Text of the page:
Edmilson F. de Oliveira Filho, Ianei O. Carneiro, Jorge R. L. Ribas, Carlo Fischer, Marco Marklewitz, Sandra Junglen, Eduardo Martins Netto, Carlos Roberto Franke, Jan Felix Drexler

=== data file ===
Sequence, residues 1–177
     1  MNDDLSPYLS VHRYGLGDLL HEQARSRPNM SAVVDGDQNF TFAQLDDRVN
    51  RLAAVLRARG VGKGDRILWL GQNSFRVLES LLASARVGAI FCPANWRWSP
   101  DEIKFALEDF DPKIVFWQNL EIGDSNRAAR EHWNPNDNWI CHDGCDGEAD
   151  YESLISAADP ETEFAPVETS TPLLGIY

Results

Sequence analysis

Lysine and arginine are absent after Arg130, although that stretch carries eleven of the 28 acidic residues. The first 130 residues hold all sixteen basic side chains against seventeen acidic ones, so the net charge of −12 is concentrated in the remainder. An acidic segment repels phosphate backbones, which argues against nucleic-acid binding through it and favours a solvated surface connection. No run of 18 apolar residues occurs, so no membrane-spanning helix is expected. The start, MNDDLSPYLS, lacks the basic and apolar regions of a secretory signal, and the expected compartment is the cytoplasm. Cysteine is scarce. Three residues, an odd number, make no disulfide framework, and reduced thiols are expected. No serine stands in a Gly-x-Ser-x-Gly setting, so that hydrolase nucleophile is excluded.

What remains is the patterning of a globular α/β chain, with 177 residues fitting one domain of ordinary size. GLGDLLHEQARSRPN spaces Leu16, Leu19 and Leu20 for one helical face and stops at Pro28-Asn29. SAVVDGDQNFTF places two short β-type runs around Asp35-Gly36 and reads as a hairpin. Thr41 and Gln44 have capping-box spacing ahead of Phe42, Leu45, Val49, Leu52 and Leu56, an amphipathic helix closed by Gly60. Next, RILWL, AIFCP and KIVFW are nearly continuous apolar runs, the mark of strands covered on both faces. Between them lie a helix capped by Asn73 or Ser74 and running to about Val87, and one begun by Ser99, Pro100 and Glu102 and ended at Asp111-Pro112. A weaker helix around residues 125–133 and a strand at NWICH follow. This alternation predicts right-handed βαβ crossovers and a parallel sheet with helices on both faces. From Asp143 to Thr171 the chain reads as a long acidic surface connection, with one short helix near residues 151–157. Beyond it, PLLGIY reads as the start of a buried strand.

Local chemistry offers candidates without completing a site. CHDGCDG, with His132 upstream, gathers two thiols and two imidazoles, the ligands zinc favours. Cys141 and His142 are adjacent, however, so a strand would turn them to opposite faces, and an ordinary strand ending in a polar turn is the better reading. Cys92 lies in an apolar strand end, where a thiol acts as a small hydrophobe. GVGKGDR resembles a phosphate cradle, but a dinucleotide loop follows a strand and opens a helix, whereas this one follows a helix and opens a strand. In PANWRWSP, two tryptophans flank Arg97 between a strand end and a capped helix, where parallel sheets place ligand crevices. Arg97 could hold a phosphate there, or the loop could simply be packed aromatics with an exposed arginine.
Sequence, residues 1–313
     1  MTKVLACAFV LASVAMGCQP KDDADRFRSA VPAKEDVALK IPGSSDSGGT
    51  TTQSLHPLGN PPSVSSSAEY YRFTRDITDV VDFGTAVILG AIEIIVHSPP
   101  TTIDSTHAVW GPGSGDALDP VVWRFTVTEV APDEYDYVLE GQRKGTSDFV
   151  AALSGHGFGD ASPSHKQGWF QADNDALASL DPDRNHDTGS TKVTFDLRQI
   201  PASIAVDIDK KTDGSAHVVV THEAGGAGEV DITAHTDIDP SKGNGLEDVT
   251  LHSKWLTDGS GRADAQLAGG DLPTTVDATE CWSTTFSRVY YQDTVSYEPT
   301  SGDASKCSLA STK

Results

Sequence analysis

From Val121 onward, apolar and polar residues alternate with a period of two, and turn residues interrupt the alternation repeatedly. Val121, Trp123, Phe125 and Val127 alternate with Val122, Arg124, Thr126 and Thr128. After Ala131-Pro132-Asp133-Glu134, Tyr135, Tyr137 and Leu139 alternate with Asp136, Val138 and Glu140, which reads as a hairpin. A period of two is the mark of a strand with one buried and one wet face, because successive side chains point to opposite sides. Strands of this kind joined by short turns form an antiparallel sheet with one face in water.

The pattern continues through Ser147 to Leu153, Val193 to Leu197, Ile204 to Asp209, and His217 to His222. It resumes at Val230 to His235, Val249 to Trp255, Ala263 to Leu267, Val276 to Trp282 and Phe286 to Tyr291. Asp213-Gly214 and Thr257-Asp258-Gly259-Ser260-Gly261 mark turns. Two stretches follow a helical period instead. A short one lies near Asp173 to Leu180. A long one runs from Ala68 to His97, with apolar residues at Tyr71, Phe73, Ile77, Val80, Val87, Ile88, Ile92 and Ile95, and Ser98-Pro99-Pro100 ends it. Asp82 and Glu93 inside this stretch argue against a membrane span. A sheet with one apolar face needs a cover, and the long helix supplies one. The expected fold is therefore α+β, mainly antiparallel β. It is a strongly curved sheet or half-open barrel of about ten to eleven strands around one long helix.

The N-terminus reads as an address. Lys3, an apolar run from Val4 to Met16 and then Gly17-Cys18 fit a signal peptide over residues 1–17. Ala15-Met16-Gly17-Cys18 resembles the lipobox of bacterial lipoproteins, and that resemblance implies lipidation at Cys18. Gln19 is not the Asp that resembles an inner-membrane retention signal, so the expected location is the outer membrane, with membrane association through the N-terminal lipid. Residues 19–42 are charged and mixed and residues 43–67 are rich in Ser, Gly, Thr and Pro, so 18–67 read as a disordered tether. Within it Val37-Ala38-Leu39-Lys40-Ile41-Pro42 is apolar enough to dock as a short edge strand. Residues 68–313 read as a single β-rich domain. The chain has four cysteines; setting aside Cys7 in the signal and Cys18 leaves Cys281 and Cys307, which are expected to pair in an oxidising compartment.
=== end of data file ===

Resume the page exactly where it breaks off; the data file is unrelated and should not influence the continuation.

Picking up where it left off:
An orthobunyavirus termed Fort Sherman virus (FSV) was isolated in 1985 from a febrile US soldier in Panama, yet potential animal reservoirs remained unknown. We investigated sera from 192 clinically healthy peri‐domestic animals sampled in northeastern Brazil during 2014–2018 by broadly reactive RT‐PCR for orthobunyavirus RNA, including 50 cattle, 57 sheep, 35 goats and 50 horses. One horse sampled in 2018 was positive (0.5%; 95% CI, 0.01–3.2) at 6.2 × 103 viral RNA copies/mL. Genomic comparisons following virus isolation in Vero cells and deep sequencing revealed high identity of translated amino acid sequences between the new orthobunyavirus and the Panamanian FSV prototype (genes: L, 98.8%; M, 83.5%; S, 100%), suggesting these viruses are conspecific. Database comparisons revealed even higher genomic identity between the Brazilian FSV and taxonomically unassigned Argentinian mosquito‐ and horse‐derived viruses sampled in 1965, 1982 and 2013 with only 1.1% maximum translated amino acid distances across viral genes, suggesting the Argentinian viruses were also distinct FSV strains. The Panamanian FSV strain was an M gene reassortant relative to all Southern American FSV strains, clustering phylogenetically with Cache Valley virus (CVV). Mean dN/dS ratios among FSV genes ranged from 0.03 to 0.07, compatible with strong purifying selection. FSV‐specific neutralizing antibodies occurred at relatively high end‐point titres in the range of 1:300 in 22.0% of horses (11 out of 50 animals), 8.0% of cattle (4/50 animals), 7.0% of sheep (4/57 animals) and 2.9% of goats (1/35 animals). High specificity of serologic testing was suggested by significantly higher overall FSV‐specific compared to CVV‐ and Bunyamwera virus‐specific end‐point titres (p = .009), corroborating a broad vertebrate host range within peri‐domestic animals. Growth kinetics using mosquito‐, midge‐ and sandfly‐derived cell lines suggested Aedes mosquitos as potential vectors. Our findings highlight the occurrence of FSV across a geographic range exceeding 7,000 km, surprising genomic conservation across a time span exceeding 50 years, M gene‐based reassortment events, and the existence of multiple animal hosts of FSV.